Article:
“The Father of Probation”

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Another short day at the Weave Shed (Wednesday 3 May 06):  Business was done by 11am.

No sign of legal counsel for the diocese/Larocque or Father MacDonald.

There are no witnesses on deck for tomorrow so commencing at 10 am the day is committed to dealing with issues surrounding the disclosure of documents.  I am not sure if the session will be covered by webcam so we’ll have to wait and see.


Mr. James Bunton, who became a probation officer in 1973, was the third and final witness from the Ministry of Community Safety and Correctional Services.

In light of the Cornwall scandal as it relates to allegations against probation officers, and the allegations that various officers were part of the alleged pedophile ring and the word that at least one probation officer was bedding in with a local priest, one piece of Bunton’s testimony jumped right out and is worth repeating.

According to Bunton, a Daniel F. Coughlan, deceased a few years ago, referred to himself and is known to many as the “father of probation.”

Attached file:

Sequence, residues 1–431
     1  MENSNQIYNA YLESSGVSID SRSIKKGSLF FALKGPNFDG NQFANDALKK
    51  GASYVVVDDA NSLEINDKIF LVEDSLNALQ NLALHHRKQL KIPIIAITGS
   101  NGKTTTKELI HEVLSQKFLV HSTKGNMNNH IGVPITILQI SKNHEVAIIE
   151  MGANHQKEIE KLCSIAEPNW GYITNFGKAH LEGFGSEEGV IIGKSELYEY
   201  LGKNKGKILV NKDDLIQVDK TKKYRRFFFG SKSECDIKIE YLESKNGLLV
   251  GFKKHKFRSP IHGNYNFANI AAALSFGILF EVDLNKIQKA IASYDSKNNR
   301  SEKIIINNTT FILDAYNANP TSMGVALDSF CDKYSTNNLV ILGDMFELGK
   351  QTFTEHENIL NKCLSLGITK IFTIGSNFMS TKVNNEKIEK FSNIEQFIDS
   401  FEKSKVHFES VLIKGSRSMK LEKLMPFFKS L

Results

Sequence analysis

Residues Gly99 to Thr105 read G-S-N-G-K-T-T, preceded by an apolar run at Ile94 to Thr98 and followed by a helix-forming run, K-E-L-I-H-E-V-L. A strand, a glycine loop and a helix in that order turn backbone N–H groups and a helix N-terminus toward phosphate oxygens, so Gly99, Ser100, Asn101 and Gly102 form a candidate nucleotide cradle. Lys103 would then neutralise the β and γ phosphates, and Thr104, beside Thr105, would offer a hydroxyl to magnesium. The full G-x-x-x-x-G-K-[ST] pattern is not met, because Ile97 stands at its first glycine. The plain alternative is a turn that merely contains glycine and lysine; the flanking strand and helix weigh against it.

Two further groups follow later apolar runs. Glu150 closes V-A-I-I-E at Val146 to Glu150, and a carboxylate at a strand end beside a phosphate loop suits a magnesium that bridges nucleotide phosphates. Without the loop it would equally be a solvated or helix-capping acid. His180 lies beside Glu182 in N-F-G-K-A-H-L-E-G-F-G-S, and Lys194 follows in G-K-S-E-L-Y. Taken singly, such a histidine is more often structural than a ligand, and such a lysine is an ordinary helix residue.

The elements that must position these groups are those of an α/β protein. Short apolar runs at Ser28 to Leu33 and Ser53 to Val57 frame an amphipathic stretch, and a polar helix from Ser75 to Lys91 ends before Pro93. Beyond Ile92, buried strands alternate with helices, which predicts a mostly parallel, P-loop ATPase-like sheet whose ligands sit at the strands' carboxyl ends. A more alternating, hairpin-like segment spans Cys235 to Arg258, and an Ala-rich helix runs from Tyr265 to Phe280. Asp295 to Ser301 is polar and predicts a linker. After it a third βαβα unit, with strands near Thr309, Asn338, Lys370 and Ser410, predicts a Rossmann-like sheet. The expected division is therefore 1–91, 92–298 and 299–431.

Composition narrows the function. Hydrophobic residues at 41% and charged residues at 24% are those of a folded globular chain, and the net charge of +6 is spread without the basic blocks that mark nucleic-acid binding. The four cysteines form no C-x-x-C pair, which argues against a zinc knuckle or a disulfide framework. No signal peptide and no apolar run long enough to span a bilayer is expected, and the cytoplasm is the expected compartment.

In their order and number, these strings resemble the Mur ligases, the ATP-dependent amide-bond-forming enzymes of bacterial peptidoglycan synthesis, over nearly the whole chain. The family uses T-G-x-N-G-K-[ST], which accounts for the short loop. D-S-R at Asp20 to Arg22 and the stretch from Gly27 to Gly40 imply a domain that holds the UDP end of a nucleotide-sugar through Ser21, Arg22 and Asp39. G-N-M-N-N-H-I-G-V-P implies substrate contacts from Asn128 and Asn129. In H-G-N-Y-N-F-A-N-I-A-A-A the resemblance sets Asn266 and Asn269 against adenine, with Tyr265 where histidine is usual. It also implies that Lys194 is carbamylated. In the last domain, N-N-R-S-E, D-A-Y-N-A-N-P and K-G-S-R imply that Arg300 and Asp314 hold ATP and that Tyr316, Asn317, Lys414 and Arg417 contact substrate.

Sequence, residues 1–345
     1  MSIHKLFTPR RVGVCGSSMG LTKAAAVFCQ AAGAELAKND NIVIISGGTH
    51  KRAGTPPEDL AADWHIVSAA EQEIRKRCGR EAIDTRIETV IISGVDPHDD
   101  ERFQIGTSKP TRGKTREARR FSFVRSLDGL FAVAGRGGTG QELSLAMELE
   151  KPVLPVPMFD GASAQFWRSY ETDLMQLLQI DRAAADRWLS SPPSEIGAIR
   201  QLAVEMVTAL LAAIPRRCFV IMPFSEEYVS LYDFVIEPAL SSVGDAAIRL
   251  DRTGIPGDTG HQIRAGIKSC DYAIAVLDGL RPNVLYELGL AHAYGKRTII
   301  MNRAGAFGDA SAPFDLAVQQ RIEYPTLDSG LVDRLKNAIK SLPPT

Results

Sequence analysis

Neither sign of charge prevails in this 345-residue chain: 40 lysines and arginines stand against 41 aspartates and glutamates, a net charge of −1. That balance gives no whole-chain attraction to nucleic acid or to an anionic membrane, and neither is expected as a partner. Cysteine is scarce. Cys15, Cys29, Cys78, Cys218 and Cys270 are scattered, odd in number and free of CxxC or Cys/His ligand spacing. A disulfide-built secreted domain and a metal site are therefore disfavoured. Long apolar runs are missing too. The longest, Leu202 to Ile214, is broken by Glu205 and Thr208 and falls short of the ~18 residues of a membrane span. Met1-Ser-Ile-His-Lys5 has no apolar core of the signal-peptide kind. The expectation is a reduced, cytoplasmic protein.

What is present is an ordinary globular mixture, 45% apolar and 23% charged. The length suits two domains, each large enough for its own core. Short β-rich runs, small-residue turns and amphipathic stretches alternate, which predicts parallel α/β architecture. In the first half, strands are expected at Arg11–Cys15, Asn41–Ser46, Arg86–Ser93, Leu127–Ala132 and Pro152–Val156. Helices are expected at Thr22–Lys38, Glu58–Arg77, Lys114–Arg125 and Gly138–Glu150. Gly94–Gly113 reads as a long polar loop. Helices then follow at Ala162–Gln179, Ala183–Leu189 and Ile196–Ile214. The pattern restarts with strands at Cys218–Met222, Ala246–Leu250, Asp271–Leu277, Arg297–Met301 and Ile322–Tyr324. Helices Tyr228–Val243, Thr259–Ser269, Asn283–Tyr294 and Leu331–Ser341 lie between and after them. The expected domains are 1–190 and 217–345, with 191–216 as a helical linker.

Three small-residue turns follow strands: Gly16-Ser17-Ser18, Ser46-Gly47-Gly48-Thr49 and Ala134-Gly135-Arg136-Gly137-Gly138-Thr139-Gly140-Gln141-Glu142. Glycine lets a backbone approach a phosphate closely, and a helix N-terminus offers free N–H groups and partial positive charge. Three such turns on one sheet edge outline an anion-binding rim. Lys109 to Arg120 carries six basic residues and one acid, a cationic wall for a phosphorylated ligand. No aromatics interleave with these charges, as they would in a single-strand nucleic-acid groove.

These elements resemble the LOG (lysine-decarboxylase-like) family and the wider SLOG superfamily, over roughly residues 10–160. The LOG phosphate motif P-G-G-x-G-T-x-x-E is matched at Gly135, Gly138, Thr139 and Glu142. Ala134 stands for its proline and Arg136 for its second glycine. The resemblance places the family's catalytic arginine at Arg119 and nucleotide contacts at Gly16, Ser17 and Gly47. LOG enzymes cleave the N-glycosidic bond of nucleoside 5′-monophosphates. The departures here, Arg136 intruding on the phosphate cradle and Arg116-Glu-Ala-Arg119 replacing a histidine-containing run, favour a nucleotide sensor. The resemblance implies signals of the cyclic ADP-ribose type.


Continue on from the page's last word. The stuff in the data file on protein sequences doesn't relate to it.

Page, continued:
In 1952 Coughlan agreed to accept an appointment as Director of Probation for the province of Ontario on two conditions:  (1) he would have control of the selection of probation officers,  (2) probation officers would be given reasonable salaries.

By 1970 there were 250 probation officers in the province all of whom had apparently been personally chosen or verified by Coughlan.

And here’s the intriguing piece of information:  a goodly number of Coughlan’s hires were “people who had religious backgrounds, who were from the clergy.”  In other words, ex priests and ex-seminarians.

According to Bunton Coughlan acknowledged

“he’d looked there as one place that suitable people could be found because many already had degrees and they obviously or presumably had the skills of working with people.

“He looked for honesty, integrity, an ability to listen with empathy, willingness to learn and a genuine concern for those under their care. Some knowledge of the social sciences was also helpful. But we were starting with people who wanted to work with people and then give them the skills from there to do it effectively.”

This begs a few question doesn’t it, i.e., Why were these men no longer in the seminary or priesthood?  And how many Ken Seguins did Coughlan hire to look after the young lads who were arraigned for petty theft, i.e., stole a bike? or a few dollars from the rectory?

I shudder at the thought.  I truly do.

And that’s enough for now,


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